There is something called the Baader-Meinhof phenomenon, where one happens upon an obscure piece of information, and then soon after encounters it again and again to one’s surprise. Some theorize that this has mostly to do with the human brain’s penchant for seeing patterns. Have I just been conditioned in recent months to tune into twinness?

Hard to say, but I don’t think it’s just my mental state. There’s just too much twinness taking place in performance these days. And I believe it relates to larger social trends. Actual twin births are on the rise in America, as the age of women starting families is on the rise, and fertility drug use is increasing. We see more double-strollers in our daily life. And I think a broader spirit of interdependence is taking shape in our world. A greater recognition that we must deepen connections around us helps explain the reelection of Barack Obama and his we’re-in-it-together mantra. Obama’s mixed-race background itself symbolizes our sense that we’re all one family.

I think a fascination with twins also reflects the way all the social media-ization of our world leaves us thirsty for a flesh-and-blood bond.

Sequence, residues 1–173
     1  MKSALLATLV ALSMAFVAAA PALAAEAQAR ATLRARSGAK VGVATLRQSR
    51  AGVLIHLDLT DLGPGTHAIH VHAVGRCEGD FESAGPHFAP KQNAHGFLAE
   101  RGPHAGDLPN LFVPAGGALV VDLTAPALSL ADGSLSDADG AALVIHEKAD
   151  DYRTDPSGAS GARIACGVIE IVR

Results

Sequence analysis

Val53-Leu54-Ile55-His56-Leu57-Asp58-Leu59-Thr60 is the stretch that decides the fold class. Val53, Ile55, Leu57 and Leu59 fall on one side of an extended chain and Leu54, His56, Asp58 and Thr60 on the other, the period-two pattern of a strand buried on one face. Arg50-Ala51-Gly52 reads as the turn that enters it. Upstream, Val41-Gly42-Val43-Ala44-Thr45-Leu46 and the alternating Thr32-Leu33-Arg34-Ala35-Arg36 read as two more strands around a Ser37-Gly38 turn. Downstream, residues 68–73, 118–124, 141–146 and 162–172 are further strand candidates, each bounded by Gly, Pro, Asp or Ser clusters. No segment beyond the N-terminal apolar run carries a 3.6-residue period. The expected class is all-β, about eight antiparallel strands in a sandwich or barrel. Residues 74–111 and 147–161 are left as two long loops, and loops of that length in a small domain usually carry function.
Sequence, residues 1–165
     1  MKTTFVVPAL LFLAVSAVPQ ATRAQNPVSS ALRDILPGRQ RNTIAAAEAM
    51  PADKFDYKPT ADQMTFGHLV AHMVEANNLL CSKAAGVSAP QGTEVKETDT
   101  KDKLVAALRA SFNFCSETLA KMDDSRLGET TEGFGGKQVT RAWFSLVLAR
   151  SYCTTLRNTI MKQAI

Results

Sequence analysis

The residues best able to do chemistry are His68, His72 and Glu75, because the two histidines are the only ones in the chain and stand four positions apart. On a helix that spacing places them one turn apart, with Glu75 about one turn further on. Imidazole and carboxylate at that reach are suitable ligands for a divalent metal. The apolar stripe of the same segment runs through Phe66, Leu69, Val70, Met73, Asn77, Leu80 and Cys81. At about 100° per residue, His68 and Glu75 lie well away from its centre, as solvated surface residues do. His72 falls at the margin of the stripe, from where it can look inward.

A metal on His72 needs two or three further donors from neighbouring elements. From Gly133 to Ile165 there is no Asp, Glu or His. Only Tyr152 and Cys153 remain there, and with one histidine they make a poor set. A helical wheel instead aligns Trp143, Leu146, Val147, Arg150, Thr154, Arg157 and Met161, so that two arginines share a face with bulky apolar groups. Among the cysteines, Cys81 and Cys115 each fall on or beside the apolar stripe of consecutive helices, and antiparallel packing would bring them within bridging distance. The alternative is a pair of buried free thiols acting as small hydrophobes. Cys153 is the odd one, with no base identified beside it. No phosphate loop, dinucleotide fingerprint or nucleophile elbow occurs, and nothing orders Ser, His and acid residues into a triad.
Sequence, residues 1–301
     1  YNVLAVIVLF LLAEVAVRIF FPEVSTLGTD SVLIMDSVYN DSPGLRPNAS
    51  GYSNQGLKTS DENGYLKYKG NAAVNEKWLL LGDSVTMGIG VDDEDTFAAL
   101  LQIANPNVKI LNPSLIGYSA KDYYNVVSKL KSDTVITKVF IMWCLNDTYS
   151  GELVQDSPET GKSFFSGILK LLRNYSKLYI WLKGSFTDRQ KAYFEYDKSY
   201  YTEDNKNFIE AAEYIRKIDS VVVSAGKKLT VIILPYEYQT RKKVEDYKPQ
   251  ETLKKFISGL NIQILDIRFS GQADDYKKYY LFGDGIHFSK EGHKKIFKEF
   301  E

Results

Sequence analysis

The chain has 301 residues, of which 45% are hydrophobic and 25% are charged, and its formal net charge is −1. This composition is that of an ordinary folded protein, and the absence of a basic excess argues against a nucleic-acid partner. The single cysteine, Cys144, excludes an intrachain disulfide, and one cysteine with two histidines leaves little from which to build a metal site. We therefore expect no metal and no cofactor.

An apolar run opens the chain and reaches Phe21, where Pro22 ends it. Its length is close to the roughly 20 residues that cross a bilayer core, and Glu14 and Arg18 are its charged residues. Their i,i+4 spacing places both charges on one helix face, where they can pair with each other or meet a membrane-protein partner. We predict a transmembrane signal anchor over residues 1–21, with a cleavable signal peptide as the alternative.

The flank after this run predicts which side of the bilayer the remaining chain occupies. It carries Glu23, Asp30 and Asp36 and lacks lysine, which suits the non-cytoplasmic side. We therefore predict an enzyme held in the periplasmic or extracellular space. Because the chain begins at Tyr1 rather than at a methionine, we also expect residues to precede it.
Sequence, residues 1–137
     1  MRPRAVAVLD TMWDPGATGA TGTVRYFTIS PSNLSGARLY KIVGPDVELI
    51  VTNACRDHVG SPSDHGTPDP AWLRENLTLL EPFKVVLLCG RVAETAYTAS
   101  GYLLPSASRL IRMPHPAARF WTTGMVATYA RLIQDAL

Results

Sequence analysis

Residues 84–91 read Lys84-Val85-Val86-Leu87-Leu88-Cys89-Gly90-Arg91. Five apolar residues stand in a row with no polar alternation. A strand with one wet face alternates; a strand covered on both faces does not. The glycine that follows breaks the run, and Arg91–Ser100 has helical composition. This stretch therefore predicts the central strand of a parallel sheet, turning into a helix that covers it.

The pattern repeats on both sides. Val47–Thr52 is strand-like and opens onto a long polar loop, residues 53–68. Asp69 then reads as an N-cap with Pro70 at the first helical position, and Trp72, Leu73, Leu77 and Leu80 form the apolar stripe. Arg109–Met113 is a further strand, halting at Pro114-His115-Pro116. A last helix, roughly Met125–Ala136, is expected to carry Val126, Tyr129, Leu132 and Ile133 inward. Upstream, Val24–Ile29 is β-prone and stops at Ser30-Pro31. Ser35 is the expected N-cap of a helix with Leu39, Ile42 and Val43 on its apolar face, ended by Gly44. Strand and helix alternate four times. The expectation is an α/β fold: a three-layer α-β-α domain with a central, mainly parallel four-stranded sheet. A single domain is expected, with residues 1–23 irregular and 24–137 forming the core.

It’s clear to me there is a Zeitgeist going on.

But…What of it? What does it mean to my work as a dance-maker? On the one hand, it makes me anxious and jealous and worried that Jennifer and I will be seen as copycats. In this sense, we really are like twins to our fellow artists tackling the twin topic. Twins, at times, hate having a near-clone and a constant rival for attention.

On the other hand, most twins wouldn’t give up their special sibling situation for the world. They treasure learning from, relating to and plain-old loving their twins. Ditto for me in this artistic twinscape I find myself. My envy of my fellow choreographers pales in comparison to the hunger I have to understand how they have twinterpreted the subject.

Thankfully, everything I’ve seen from all of us twin types has been twintriguing in its own right. So for all you in the dance community, I invite you to grab hold of the Zeitgeist. I’m pretty sure more twinvestigations will follow those mentioned here. Check us all out. Like twins, we’re similar and different at the same time.

ROWENA RICHIE has a BFA in dance from California State University, Long Beach, and an MA in Creative Inquiry from New College of California. She is work- ing with Christy Funsch, and others, on a new project about the connections between capitalism and longing. Erin Mei-Ling Stuart’s 100 Days Practice blog can be found at emspacedance.org. John Milton Hendricks’ 100 Days blog can be found on Tumblr under MiltoJr. Sue Roginski is a co-founding member of P.L.A.C.E. Performance; placeperformance.org. Get the skinny on Chris Black at chrisblackdance.wix. com/dance.